We partner with CROs, CDMOs, SMOs, E-Clinical, technology, specialty and full service providers to fill a range of positions from Associates to C-Level.
Drug Discovery is the initial stage (non-GLP) in the drug R&D process that aims to understand the nature and causes of a disease through identifying proteins known as “targets”, associated with the disease that are critical to the survival or spread of the disease-causing organism. Through analyzing, testing, and re-testing tens of thousands of drug compounds, scientists and researchers seek to narrow these compounds to a select few that positively affect the disease target, often called “hits”, that will eventually lead to these compounds becoming drug candidates.
Pre-Clinical is the 2nd stage in the drug development process, in which up to 250 drugs that passed through the Discovery stage are tested in-vitro (test tube) and then in-vivo (animal studies), adhering to Good Laboratory Practice (GLP) guidelines. The goal is to identify up to 5 of the tested drugs that will be safe and effective enough to be submitted to the FDA through an Investigation New Drug (IND) application for approval before advancing to clinical, human trials.
Once a drug’s IND application has been approved, clinical trials begin on humans. The drug is tested on increasing numbers of human patients over 3 phases (I, II, and III) of clinical trials following Good Clinical Practice (GCP) guidelines. Generally-speaking, only 1 drug will survive the trials, be found safe and effective, and is submitted to the FDA through a New Drug Application (NDA) before it can be approved for market and commercialization (Phase IV).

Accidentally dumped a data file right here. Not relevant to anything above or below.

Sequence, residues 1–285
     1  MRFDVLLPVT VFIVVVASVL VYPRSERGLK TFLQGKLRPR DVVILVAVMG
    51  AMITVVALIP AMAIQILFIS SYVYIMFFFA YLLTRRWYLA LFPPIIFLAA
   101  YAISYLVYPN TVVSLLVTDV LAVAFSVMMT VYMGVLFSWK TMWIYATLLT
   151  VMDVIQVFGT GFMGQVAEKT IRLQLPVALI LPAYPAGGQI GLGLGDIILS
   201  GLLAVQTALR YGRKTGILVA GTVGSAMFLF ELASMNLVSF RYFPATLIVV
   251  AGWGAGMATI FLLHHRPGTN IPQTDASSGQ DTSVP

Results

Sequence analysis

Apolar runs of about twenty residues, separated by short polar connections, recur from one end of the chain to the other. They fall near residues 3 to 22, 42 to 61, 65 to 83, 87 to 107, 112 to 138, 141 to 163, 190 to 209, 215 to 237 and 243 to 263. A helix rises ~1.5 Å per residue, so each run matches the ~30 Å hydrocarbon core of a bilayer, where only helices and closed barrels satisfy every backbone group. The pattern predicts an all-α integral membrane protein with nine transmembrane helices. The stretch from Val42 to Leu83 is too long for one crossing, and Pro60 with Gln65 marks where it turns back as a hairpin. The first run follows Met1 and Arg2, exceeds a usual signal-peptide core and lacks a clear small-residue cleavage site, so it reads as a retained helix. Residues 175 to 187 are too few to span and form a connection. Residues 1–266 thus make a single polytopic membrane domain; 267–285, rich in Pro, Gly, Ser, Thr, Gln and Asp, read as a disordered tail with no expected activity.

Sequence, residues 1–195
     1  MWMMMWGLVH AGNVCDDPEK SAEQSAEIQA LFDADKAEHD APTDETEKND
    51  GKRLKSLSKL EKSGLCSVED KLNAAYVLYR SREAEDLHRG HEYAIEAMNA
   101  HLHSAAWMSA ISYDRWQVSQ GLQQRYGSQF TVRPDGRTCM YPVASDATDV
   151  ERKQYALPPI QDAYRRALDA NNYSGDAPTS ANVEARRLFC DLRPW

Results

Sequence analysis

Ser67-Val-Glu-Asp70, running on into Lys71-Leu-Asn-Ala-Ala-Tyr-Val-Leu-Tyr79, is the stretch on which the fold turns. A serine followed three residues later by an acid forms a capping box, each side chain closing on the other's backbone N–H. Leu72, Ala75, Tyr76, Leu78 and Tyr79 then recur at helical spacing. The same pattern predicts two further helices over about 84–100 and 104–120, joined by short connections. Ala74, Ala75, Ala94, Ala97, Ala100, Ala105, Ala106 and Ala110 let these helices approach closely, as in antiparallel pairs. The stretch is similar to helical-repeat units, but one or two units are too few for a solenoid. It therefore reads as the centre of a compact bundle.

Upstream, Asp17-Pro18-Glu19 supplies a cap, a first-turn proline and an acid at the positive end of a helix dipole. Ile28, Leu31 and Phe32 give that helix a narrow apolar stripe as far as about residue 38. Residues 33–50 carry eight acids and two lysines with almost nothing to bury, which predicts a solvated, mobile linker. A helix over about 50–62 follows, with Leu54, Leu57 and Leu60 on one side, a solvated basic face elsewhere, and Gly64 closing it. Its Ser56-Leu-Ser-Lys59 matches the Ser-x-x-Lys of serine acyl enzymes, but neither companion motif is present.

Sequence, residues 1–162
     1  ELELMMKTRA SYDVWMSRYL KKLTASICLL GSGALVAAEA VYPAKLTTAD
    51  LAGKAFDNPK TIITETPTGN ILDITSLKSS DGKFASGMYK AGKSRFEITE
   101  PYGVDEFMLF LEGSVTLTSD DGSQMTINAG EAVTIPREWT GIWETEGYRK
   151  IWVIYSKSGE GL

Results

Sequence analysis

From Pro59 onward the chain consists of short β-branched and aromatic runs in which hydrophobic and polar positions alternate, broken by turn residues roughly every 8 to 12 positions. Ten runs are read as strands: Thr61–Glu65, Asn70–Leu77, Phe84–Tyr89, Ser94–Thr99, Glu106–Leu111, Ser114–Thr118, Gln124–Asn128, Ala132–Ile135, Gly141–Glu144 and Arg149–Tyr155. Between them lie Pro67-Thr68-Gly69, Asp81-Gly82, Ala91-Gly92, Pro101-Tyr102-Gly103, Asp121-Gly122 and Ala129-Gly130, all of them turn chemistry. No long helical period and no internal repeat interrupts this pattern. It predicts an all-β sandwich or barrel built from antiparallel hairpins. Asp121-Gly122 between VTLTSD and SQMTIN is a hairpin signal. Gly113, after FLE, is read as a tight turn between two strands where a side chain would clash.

Phase I is the initial phase of clinical trials, often known as “first-in-man” studies, and is focused primarily on the drug’s safety, as it is tested on a group of approximately 20-100 generally healthy human patients using pharmacovigilance methods. Single-ascending dose studies are first administered (Phase Ia) to small groups of patients before increasing to multiple-ascending dose studies (Phase Ib) new groups of patients.
Phase II is primarily focused on dosing studies (Phase IIa) and effectiveness studies (Phase IIb) of the drug, although safety continues to be monitored, and is generally administered and tested on approximately 100-500 patients affected by the disease or condition being targeted.
Phase III trials involve a much larger and diverse group of affected patients, with approximately 1000-5000 receiving the drug (Phase IIIa), is the longest and costliest, is key in determining the drug’s safety and effectiveness, and provides the basis for labeling instructions (Phase IIIb). Upon successful completion of Phase III, a New Drug Application (NDA) is filed with the FDA and, if approved, can then be brought to market with ongoing surveillance and analysis (Phase IV).
Phase IV trials take place after the FDA approves the drug’s marketing and commercialization. Here, trials are conducted to identify and evaluate the drug’s long-term effects for larger number of patients, which allows the new drug to yield more information about its efficacy, safety, and side effects.
Adaptive Design Studies
Cardiac Safety ECG Monitoring
Clinical Data Management
Functional Service Providers
Late Clinical Trials
Safety & Pharmacovigilance
Manufacturing of drugs and their packaging begins in Pre-Clinical on a small-scale, is ramped up to a large-scale throughout the Clinical stage, and is a different process from drug to drug. Each manufacturing facility must meet strict FDA guidelines for Good Manufacturing Practices (GMP), which is the part of quality assurance that ensure products are produced and controlled to the highest standards in facilities, equipment, and methods.
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C-Level, Vice, President, Director, Associate